30 May 2016

Why a Barrier Free BC?

You may not realize this, but there are approximately 604,000(1) British Columbians with disabilities. This number will keep growing as our society ages. Disability affects everyone. Everyone will develop limitations eventually, or perhaps a permanent life-altering disability, as they age.

These people continue to face unnecessary and unfair barriers in areas of provincial jurisdiction such as provincial and municipal government services, public transit, education, health services and public establishments like stores and restaurants. These barriers mean that British Columbians with disabilities can’t fully participate in all that our great province has to offer.

As a public school teacher, I see first-hand the limitations we put on some of our students with disabilities. Some schools are not accessible at all, so that students must travel out of their neighbourhood to access their fundamental right to an education.

Without disability legislation that sets out a comprehensive legislated plan to remove existing barriers and to prevent the creation of new ones, far too many British Columbians will be unnecessarily challenged and prevented from fully participating in their communities. The Canadian Charter of Rights and Freedoms, a part of Canada’s Constitution, and the BC Human Rights Code make it illegal to discriminate against a person with a disability. However, those laws do not set specific, detailed standards for accessibility.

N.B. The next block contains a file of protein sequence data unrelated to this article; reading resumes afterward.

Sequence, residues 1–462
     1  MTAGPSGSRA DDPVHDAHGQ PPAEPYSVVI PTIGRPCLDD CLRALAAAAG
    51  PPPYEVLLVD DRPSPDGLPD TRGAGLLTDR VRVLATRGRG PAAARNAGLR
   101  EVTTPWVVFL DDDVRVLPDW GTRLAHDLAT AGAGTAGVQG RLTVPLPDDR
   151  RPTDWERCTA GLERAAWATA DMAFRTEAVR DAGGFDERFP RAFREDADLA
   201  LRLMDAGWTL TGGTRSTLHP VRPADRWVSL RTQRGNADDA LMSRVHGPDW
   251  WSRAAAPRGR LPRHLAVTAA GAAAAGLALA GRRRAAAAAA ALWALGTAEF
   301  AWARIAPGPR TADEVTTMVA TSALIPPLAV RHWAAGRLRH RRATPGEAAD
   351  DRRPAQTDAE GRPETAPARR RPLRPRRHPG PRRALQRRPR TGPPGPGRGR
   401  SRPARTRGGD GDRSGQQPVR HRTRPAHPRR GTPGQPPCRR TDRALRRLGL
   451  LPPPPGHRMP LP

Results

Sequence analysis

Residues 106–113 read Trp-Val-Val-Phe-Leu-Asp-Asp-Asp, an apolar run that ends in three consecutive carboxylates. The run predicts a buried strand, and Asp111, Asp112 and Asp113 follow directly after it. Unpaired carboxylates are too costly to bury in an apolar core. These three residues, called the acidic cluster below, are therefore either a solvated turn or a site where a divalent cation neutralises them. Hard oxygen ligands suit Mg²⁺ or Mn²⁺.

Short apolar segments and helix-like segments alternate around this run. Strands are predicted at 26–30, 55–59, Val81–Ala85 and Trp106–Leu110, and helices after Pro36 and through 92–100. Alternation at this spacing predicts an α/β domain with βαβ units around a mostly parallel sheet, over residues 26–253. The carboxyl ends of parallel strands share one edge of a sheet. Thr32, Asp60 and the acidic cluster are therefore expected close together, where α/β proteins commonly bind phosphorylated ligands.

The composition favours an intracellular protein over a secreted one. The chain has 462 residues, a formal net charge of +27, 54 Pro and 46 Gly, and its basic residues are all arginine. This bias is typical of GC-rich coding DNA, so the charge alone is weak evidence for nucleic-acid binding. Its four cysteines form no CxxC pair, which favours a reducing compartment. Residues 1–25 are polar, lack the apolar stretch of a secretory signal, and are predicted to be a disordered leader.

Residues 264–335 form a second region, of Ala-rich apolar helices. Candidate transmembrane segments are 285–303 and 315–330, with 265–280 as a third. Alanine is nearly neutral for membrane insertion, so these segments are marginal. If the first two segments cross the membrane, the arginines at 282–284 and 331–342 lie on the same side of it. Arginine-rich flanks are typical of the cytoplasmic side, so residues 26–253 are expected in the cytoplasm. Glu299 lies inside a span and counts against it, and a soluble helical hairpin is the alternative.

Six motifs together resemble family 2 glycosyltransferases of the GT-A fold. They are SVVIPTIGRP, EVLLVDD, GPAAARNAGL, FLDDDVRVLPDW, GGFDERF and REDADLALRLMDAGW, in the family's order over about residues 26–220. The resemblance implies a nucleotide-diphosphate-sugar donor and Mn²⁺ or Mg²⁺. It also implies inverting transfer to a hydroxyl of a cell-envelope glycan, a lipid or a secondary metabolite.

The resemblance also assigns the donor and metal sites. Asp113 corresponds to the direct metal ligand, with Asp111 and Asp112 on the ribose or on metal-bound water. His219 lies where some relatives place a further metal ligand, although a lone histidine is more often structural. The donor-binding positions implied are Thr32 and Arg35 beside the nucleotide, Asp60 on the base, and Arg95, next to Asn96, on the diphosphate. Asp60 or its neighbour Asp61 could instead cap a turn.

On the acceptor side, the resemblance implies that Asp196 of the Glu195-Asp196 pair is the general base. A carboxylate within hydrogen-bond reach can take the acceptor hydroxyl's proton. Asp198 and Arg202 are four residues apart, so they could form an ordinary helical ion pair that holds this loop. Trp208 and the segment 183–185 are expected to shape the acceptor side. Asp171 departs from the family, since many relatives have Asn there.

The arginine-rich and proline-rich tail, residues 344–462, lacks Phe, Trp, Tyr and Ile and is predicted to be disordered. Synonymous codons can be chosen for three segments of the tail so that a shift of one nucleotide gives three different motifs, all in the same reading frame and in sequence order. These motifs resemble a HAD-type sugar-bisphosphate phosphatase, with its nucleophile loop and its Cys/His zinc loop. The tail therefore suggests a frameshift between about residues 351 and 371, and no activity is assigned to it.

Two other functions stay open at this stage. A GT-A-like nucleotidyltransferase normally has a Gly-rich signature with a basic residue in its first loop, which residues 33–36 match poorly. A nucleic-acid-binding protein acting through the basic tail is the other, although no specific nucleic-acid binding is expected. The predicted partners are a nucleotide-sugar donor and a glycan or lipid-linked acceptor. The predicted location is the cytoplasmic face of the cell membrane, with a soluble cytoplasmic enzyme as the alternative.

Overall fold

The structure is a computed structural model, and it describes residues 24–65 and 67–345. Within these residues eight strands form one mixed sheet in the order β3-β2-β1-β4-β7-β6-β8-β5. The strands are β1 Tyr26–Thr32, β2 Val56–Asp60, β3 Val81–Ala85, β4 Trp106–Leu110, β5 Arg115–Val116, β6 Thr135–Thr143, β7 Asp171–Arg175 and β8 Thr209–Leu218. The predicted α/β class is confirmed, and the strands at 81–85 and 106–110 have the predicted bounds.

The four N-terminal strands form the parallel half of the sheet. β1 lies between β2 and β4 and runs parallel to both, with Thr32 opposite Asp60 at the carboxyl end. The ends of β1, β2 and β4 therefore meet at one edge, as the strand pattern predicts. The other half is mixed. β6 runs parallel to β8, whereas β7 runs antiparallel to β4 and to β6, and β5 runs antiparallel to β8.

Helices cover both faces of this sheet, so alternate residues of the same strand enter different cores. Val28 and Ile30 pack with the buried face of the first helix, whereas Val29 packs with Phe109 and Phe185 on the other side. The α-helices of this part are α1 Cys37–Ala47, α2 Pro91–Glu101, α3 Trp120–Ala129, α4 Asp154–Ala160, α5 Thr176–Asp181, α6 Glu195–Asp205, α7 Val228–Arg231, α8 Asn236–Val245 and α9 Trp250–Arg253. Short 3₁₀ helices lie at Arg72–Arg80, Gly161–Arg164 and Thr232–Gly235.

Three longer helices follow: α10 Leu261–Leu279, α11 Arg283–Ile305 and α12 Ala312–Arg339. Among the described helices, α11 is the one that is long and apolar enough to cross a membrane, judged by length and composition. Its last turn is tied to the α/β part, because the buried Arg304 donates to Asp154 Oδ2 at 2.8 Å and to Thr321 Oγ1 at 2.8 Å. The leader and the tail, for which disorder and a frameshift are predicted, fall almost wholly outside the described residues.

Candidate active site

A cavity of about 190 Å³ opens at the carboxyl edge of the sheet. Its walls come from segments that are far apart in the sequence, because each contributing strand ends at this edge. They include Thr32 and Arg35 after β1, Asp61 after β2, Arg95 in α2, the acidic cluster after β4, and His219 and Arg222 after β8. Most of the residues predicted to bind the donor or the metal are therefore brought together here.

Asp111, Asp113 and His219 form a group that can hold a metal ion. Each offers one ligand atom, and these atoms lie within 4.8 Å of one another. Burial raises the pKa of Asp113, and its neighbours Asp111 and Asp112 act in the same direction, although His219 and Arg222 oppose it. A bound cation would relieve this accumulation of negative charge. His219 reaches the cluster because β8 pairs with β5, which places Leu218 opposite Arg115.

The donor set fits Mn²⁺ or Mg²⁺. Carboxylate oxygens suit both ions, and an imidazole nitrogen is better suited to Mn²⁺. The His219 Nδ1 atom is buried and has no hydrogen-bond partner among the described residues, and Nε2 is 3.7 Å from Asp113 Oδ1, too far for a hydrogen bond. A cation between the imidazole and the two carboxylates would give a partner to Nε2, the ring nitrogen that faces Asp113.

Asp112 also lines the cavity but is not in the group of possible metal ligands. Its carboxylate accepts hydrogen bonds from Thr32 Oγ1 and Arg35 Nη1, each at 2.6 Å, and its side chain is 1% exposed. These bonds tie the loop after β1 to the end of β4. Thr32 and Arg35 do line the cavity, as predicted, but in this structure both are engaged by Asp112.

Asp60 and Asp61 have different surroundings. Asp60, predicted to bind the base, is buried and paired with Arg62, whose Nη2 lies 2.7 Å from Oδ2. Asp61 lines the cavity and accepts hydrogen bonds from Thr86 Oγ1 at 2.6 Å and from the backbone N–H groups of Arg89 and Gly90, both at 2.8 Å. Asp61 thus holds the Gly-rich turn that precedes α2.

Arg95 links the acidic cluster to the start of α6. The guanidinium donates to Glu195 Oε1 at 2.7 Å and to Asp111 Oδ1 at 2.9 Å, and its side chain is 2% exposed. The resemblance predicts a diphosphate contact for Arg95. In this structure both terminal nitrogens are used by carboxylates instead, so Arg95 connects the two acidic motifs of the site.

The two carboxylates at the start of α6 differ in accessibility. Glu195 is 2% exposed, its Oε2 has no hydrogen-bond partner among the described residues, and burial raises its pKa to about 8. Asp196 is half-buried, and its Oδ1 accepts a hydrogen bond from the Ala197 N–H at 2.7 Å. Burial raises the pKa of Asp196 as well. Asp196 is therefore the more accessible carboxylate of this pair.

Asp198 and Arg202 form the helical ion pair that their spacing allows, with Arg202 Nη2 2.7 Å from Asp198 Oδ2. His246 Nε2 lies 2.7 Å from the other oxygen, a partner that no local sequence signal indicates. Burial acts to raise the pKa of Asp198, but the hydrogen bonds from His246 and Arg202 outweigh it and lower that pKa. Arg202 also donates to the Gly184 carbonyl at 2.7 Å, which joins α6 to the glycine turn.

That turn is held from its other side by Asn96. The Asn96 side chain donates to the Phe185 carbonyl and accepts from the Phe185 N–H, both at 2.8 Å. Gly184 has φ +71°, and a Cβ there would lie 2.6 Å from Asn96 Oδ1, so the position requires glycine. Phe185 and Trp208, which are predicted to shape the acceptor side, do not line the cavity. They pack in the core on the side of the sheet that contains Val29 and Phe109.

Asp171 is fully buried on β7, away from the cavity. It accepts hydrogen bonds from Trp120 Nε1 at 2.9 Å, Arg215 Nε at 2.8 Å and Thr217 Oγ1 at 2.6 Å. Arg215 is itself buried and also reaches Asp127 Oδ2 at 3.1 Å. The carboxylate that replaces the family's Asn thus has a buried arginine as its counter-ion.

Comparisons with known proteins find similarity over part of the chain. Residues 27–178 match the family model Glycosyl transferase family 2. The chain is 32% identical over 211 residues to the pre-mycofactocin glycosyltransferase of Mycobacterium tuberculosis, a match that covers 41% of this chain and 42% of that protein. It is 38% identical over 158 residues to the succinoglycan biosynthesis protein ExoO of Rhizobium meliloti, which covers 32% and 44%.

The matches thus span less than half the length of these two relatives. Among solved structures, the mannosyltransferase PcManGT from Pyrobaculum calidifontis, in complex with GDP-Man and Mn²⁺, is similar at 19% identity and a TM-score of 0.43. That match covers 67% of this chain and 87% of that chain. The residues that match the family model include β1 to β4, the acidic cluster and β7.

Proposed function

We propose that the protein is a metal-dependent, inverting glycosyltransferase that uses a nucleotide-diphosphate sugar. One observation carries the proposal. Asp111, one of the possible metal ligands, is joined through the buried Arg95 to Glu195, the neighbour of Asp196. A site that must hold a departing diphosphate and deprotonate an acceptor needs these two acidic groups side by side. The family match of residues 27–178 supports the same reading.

A British Columbians with Disabilities Act would set standards for accessibility so we can start removing and preventing these barriers. Existing disability protections like the BC Human Rights Code and the Charter of Rights and Freedoms require individuals to bear the undue hardship of having to personally fight to remove and prevent barriers.

A British Columbians with Disabilities Act would set out enforceable accessibility standards so that all barriers are systematically removed and prevented along reasonable time-lines without individuals having to battle these situations, often through a human rights complaint, one barrier at a time.

Everyone either has a disability now or will develop one as they age. So this issue has an impact on everyone. I’m asking tonight for your support to encourage the province to enact a British Columbians with Disabilities Act.

The Vancouver Board of Parks and Recreation has much it can share with other governments concerning accessibility. Let’s encourage our provincial government to learn from us in making a barrier free BC.

A non-partisan grassroots organization called Barrier-Free BC is gaining public support as they spread the word about this. Find out more by visiting their website: barrierfreebc.org

(1) Extrapolated from Statistics Canada – 2012 Canadian Survey of Disability and Statistics Canada 2015 Annual Population Estimates

1 comment:

  1. Stuart, you are a breath of fresh air on the Park Board. I was so glad when you got elected. Really enjoyed your blog entry. Keep up the good work.